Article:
U.S. Sen. Tom Udall believes the Trump administration is gearing up for a war against Iran.
And an analyst who focuses on Iran believes such a move could come back to haunt President Donald Trump on several fronts.
Alex Vatanka, a senior fellow at the Middle East Institute in Washington, D.C., said the threat of military action is red meat for allies such as Israel, Saudi Arabia and the United Arab Emirates, but it runs counter to promises Trump made to reduce America’s footprint in the Middle East.
Vatanka, who will be speaking to the Albuquerque International Association on Friday, said war with Iran would do just the opposite.
“It would open things up across the board in the Middle East for Iranian retaliation,” he said. He said Iran and its proxies in such places as Iraq, Syria and Lebanon would not only attack U.S. forces in the region, “but U.S. interests and its allies.”
The U.S. is sending the aircraft carrier USS Abraham Lincoln and B-52s to the region to confront threats by Iran and its allies. But Trump labeled as “fake news” a report by The New York Times that his administration was reviewing military plans and planning to send 120,000 troops to the region if Iran or its proxies attacked U.S. interests.
Vatanka said conflict with Iran would require at least “a half a million to a million troops.”
Udall introduced legislation earlier this year to prohibit the U.S. from using money that could lead to war with Iran without approval from Congress.
“The calls for war with Iran are ripped straight out of the same playbook that launched us into the failed invasion of Iraq, and Congress must assert its constitutional authority to halt the march to war,” Udall said at the time.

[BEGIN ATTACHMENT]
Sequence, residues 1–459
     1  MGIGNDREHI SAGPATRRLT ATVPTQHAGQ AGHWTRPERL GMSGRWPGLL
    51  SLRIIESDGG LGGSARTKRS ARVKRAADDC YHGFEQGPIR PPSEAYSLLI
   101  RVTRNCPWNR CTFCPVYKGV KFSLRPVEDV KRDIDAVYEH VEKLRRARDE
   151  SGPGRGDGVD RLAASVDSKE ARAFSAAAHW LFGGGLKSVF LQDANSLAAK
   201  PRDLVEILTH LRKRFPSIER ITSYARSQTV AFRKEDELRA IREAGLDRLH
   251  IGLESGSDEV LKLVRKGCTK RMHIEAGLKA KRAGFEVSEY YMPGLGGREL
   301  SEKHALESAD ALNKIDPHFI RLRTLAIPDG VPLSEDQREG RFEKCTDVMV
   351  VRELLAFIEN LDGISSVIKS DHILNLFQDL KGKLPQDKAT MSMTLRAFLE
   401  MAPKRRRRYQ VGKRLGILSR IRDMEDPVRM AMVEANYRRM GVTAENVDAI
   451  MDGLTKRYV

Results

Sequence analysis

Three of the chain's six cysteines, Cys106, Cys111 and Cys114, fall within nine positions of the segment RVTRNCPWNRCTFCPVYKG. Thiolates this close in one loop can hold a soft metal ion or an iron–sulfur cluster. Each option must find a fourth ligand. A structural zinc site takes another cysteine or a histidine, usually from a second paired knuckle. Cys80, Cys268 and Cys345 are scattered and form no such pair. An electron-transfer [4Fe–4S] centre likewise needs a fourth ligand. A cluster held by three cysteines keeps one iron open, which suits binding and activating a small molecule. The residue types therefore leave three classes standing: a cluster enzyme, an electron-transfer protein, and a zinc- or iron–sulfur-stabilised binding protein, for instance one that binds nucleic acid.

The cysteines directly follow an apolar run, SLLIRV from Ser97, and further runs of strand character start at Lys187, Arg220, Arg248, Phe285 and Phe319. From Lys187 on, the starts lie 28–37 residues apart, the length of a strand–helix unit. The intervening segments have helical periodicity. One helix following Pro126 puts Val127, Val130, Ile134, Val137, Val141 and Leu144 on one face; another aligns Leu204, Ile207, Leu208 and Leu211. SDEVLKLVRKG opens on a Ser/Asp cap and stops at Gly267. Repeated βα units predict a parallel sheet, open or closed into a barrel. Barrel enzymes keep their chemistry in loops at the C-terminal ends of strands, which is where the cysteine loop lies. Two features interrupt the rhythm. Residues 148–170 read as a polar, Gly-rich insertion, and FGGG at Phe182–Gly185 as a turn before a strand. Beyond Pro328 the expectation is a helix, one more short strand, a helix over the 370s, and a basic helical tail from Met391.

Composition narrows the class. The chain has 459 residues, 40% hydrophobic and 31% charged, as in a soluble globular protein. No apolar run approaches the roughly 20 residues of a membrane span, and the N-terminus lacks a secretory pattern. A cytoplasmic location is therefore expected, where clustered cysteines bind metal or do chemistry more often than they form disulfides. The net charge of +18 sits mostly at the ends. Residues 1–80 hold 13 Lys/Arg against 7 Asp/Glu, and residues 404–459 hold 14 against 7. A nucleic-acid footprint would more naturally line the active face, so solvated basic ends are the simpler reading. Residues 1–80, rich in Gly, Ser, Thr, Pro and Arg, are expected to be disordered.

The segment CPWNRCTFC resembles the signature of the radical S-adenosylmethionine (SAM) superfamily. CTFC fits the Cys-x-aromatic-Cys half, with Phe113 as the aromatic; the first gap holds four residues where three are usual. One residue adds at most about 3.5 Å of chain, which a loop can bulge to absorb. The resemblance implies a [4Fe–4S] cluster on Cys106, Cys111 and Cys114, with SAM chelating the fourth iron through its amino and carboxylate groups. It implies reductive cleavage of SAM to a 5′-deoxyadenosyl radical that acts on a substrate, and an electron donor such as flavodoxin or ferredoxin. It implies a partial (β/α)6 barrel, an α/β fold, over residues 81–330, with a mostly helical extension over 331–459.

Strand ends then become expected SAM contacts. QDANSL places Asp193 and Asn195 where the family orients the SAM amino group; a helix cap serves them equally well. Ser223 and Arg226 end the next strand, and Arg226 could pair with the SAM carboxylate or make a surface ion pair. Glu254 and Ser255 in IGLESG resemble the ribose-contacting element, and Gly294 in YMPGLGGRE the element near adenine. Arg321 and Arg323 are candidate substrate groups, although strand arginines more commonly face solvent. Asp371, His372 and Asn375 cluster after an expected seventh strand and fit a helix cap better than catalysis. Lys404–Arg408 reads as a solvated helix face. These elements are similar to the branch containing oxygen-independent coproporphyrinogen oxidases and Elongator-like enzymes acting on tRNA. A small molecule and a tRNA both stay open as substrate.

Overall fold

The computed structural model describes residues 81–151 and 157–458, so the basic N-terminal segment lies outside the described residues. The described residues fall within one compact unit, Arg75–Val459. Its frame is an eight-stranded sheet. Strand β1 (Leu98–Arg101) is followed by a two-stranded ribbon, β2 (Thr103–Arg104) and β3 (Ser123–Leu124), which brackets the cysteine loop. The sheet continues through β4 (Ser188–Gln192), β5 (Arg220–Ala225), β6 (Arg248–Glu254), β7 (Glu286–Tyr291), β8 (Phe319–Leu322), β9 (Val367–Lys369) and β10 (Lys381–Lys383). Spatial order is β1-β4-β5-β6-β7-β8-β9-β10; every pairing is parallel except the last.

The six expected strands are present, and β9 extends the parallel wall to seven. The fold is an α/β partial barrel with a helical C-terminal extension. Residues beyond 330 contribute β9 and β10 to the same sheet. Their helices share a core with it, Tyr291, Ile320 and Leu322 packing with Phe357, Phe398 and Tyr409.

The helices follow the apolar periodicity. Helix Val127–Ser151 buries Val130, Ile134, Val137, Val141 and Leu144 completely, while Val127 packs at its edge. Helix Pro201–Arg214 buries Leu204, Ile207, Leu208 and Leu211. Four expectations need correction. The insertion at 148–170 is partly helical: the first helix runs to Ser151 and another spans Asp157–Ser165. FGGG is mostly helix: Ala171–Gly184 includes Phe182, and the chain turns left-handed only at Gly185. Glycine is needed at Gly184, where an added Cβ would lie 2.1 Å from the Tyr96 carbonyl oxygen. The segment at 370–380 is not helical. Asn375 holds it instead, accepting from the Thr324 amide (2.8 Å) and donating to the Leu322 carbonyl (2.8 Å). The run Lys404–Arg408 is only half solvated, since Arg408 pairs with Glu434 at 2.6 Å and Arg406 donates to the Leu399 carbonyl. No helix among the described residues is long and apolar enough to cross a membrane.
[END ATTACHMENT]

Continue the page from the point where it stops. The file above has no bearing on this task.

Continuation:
Vatanka said it wasn’t clear what the Trump administration wants from the Iranian government.
“If they want to talk to Iran, they’re going about it the wrong way,” he said. “They’ve left the Iranians very little room to maneuver.”
He believes the U.S. may have “maxed out” its options after pulling out of the Iran nuclear deal and again placing sanctions on Iran. He said trying to get Iran to reduce or eliminate its nuclear program, stop its missile program and cut ties with its allies, including terrorist groups, “appears to be unrealistic.”
He wonders if the effort to isolate Iran is meant to cause the Iranian people to rise up against the government in revolution.
If it is, he said, that’s also unrealistic, even though the Iranian regime is not well liked by the people.
Vatanka said Iran is losing $100 million a day in oil revenue since sanctions were reinstated, but “they don’t have mass unrest yet.”
And he said the world hasn’t rallied to the U.S. side, with the exception of Israel, Saudi Arabia and the United Arab Emirates.
He believes the Trump administration might be better served by returning to the Iran nuclear agreement and then applying pressure on Iran to distance itself from its allies.
“I wonder what would happen if the Ayatollah offered to come to the White House for talks,” Vatanka said. “I wonder what they (Trump administration officials) would do then.”